Restorative Justice in the 21st Century

Develop an independent victim advisory committee for

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Unformatted text preview: ers and political allies in the reform process and will provide meaningful input into the development of rehabilitative and public safety policies and practices -- as well as sanctioning processes aimed at restoration. Develop an independent victim advisory committee for the reform effort. (6) Cultivate ownership and sponsorship of specific projects by conventional community institutions such as employers, victims' groups and civic organizations. To ensure that projects and activities will be viewed as meaningful, ask these sponsors for ideas about projects important to them. Avoid the standard juvenile justice coalitions limited to youth “with problems.” Seek commitment from organizations with “clout” that can influence conventional growth and development of youth (e.g., through work, education) rather than treatment organizations (e.g., mental health, drug abuse) and service providers. Cultivate victims and members of victim support groups as leaders and spokespersons for restorative approaches. Involve these groups in a community advisor...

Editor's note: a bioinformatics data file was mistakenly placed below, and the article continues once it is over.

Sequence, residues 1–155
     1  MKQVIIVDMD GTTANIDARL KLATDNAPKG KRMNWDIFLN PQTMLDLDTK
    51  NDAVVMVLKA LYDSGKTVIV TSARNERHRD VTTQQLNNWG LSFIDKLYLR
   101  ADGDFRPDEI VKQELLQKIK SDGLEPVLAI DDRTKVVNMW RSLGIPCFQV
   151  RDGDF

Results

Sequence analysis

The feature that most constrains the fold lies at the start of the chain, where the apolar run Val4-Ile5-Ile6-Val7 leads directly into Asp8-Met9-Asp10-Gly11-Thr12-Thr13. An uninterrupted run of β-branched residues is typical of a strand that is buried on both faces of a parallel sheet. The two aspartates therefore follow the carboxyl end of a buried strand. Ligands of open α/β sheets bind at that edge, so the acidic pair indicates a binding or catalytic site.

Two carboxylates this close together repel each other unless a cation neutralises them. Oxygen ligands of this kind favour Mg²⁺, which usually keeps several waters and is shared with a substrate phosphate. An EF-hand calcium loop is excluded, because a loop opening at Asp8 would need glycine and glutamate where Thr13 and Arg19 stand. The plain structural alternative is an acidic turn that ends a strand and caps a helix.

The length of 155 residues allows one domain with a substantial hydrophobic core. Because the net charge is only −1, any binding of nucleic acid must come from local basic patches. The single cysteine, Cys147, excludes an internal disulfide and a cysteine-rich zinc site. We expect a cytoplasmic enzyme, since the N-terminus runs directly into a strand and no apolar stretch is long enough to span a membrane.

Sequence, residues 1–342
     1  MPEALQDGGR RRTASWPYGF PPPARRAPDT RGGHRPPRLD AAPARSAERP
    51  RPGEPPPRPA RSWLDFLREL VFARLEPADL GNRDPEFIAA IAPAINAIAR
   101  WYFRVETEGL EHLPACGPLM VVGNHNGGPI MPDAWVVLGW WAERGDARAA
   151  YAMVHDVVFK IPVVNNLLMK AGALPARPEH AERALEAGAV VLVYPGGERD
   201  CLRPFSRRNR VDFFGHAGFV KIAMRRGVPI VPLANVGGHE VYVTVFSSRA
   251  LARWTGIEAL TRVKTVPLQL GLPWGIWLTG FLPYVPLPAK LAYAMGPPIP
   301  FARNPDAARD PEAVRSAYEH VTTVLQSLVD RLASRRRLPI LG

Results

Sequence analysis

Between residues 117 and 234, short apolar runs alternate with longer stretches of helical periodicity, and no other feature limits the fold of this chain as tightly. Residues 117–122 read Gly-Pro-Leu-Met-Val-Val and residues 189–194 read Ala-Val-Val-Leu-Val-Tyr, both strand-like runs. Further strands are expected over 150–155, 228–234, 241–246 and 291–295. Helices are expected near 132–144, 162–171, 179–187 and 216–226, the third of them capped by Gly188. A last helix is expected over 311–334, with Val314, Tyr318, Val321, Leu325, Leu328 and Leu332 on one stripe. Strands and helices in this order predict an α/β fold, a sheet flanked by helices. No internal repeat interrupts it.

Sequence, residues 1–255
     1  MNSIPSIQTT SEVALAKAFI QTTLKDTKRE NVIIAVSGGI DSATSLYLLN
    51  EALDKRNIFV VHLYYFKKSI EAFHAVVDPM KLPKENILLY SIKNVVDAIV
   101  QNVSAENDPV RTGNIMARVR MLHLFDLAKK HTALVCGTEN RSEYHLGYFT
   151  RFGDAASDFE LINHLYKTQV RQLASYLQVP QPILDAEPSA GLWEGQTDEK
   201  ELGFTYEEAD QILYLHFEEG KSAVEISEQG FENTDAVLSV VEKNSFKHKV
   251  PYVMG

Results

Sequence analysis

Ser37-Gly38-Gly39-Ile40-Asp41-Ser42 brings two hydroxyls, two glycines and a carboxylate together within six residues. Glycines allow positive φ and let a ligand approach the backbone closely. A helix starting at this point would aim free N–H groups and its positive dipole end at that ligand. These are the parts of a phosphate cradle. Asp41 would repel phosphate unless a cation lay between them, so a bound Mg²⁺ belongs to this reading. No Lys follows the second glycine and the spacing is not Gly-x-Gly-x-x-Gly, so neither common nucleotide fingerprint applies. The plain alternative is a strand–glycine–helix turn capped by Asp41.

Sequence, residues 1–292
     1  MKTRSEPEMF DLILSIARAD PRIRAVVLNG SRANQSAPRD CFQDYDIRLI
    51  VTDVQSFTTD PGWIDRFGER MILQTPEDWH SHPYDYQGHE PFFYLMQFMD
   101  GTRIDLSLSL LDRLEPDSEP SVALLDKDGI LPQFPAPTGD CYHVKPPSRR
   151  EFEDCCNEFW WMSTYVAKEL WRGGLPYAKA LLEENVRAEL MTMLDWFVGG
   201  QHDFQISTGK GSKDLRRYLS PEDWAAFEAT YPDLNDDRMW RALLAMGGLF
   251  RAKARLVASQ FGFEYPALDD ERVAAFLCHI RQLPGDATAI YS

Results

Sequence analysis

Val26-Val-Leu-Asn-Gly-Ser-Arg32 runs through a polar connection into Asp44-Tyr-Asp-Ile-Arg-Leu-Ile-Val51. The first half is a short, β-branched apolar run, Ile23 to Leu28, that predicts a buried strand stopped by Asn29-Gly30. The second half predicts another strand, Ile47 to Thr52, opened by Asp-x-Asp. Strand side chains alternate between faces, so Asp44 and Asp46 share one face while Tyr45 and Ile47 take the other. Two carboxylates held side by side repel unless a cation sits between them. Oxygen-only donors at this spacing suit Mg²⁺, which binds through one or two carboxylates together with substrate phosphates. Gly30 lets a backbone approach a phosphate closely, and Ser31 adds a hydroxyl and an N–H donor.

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This note was uploaded on 02/01/2011 for the course CRJU 4230 taught by Professor Derekallen during the Spring '10 term at Georgia State.

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